A Firsthand Look at Renewable Energy
by Felicia Brower
At 25 feet long by 9 feet wide and weighing in at 14,000 pounds, the Green Power Alternative Demonstrator (G-PAD) is not easy to miss. This innovative invention is a portable electrical generation station that uses an automated solar panel array and an extendable wind turbine to collect and store clean electrical energy. Displayed primarily at fairs, festivals and schools, the G-PAD is a highly effective demonstration tool for renewable energy.
With a solar generation capacity of 2,700 watts, a wind generation capacity of 1,200 watts and a battery capacity of 96,000 watt hours (assuming a 20-hour discharge), the G-PAD can provide a large amount of power in a variety of applications. The solar panel array is fully automated and can be programmed to track the sun, making it even more efficient at harnessing solar energy.
Created in 2010, the G-PAD was engineered and built by The Electrical Trades Center and the Electrical Industry of Central Ohio Labor Management Cooperation Committee. Inspired by a passing agricultural trailer equipped with a solar powered water pump, the G-PAD was created to provide transportable renewable energy that could be used to educate, inspire and provide an efficient alternative power source.
The developers of the G-PAD created the device to educate the public about what to expect from renewable energy. Trent Parker, an Instruction Coordinator at The Electrical Trades Center, travels frequently with the G-PAD to various events around the area. According to Parker, “Most people are surprised when they learn that the G-PAD is providing all of the power for the stage at these events and that it’s not just a static demonstration. It’s really being used, and they get to see it in action.”
The response to the demonstrations has been overwhelmingly positive. People are excited to see renewable energy work firsthand. “This is more than just a couple of solar panels. We wanted to help make the connection and show the public that renewable energy is real, it works, and it’s viable,” explains Parker.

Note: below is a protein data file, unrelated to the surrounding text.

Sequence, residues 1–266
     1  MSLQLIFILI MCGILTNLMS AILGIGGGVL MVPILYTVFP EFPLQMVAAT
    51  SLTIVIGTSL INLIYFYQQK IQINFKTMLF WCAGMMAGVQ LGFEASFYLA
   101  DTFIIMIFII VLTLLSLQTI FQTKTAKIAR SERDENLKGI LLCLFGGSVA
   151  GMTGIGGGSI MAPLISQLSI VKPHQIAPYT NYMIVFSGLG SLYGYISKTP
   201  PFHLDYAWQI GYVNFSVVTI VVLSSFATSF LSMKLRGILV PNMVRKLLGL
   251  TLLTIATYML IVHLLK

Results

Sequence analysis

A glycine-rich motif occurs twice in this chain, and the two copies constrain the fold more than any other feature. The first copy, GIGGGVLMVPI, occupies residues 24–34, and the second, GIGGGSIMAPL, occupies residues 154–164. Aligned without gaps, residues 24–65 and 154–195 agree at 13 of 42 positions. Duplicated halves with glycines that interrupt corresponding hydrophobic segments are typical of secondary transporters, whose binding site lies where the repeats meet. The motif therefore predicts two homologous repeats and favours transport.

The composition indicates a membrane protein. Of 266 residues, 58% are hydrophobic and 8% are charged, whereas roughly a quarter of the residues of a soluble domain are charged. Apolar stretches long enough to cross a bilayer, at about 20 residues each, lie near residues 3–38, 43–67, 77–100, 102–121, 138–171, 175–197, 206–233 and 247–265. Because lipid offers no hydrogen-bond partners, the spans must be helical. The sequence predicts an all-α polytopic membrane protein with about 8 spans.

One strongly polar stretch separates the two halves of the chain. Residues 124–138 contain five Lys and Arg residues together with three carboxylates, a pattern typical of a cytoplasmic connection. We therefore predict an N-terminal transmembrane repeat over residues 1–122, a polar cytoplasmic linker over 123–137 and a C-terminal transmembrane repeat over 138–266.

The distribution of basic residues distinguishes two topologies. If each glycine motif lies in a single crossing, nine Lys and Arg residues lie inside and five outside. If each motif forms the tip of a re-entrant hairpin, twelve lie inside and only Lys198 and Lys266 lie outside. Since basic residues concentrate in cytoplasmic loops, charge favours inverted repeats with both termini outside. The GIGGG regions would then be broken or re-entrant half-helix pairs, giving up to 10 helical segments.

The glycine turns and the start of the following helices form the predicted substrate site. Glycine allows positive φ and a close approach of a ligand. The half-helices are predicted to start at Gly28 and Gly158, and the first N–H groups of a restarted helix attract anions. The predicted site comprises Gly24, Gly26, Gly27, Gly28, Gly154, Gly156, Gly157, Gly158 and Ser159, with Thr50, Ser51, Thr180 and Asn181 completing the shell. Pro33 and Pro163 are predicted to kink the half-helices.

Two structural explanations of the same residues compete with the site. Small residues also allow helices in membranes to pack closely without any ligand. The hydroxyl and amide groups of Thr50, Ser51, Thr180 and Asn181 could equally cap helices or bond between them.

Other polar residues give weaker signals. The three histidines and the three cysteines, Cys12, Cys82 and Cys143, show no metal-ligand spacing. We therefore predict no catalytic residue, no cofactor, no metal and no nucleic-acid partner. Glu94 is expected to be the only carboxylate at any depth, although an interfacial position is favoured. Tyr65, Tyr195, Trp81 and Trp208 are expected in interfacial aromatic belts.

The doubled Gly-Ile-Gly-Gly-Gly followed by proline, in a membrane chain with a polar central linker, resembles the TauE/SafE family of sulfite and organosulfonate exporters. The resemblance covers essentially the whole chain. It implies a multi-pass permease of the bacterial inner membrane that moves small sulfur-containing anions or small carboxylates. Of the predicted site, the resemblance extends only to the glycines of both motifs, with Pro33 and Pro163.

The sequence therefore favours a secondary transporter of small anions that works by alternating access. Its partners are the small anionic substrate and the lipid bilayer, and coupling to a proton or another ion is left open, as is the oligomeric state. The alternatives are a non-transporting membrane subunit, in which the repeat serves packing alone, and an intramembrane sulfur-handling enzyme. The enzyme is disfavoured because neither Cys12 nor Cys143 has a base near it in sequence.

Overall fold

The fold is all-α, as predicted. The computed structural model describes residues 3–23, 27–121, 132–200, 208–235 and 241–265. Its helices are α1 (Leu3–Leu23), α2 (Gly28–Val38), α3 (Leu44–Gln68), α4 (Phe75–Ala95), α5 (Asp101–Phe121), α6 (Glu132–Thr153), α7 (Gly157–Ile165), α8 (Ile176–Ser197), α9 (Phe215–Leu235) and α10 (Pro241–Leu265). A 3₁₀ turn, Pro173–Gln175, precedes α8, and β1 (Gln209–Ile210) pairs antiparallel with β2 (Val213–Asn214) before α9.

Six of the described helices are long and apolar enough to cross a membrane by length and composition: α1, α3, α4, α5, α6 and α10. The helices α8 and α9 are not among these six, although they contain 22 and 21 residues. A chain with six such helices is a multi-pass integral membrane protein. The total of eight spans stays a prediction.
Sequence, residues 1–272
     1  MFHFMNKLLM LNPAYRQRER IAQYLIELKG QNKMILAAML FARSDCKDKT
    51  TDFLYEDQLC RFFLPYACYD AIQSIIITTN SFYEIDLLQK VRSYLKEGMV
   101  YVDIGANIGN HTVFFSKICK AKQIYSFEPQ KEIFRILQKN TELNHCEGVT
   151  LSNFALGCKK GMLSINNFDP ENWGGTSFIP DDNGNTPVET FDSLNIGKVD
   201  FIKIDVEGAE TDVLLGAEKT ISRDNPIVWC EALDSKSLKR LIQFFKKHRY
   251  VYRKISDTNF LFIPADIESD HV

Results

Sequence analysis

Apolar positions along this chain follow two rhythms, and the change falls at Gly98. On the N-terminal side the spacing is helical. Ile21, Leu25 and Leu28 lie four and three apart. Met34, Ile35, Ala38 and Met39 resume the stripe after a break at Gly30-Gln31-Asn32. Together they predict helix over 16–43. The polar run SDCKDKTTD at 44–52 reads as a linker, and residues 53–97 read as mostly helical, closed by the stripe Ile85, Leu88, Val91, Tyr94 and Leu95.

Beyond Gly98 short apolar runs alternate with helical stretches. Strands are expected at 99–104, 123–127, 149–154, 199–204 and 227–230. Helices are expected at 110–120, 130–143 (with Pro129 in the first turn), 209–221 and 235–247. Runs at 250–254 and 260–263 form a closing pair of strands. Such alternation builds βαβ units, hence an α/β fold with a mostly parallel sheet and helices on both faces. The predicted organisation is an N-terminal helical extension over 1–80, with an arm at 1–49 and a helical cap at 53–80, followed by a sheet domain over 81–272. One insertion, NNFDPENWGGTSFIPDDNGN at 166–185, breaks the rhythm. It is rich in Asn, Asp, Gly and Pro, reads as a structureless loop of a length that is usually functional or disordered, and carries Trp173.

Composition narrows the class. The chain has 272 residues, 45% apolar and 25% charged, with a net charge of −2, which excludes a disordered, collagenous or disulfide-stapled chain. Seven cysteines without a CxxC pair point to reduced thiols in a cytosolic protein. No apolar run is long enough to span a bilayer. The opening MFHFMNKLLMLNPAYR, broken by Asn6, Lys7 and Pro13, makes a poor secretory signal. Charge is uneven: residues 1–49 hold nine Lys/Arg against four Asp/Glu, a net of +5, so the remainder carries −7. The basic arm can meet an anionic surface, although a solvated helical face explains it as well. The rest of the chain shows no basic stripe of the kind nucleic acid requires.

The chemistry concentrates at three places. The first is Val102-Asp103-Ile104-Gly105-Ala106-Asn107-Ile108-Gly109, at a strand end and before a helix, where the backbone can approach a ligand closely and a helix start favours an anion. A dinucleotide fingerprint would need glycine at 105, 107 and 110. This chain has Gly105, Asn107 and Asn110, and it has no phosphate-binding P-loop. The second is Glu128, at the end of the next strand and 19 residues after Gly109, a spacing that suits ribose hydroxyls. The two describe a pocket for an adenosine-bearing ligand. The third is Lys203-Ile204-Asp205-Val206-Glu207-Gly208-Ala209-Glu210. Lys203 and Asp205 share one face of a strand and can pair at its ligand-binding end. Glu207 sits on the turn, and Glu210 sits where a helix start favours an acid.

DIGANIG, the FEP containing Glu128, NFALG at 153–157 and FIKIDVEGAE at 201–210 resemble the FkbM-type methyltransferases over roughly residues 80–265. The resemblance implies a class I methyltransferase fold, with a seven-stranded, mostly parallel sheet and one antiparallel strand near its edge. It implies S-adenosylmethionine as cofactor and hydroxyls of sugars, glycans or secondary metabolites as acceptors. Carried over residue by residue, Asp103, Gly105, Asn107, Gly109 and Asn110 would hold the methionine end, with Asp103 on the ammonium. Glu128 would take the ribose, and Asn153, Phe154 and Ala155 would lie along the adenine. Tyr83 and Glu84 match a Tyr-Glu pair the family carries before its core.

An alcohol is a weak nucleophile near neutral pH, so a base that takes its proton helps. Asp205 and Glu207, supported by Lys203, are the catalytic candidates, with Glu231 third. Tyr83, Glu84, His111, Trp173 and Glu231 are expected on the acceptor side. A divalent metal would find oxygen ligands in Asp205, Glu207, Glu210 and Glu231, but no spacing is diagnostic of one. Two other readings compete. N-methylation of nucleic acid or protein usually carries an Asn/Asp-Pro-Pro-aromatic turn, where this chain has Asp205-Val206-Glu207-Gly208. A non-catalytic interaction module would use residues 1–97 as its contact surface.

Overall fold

The emerging importance of renewable alternative energy sources is one reason that the G-PAD is so beneficial. Solar and wind power are increasingly popular options as traditional fuel sources are depleted. Photovoltaic (PV) solar power is the conversion of sunlight to electricity using solar panels. Benefits of solar power systems include a lack of moving parts, minimal maintenance requirements and tax incentives for those who install the panels. Wind turbine technology is also a popular choice because of its reliable performance potential, variable load control, blade adjustability, cost-effective operation and ability to produce energy during the day and at night.
The demand for G-PAD became so great last year that G-PAD Junior, a mini version of the original, was created. Unlike the original, the G-PAD Junior has a fixed solar array and no wind turbine. With about half the battery capacity and 1,500 watt solar capacity, it is often used for smaller stages where the power requirements are not as large.
In addition to providing alternative sources of energy at events, the G-PADs are also used as educational tools to explain the benefits of solar and wind energy to children in area schools. The G-PAD operators visit elementary schools through high schools and vocational schools to highlight why renewable energy is so important and to show students the future of energy.
While there are no current plans for a third G-PAD, the current one might be tweaked in the future making it even more efficient at harnessing potential energy. For now, G-PAD and G-PAD Junior will continue to help power stages and educate attendees and students at over 60 events each year.
For more information or to track where the G-PAD will be next, visit The-GPAD.org.
Felicia Brower is a freelance writer based in Columbus. Connect at FeliciaBrower.com or email@example.com.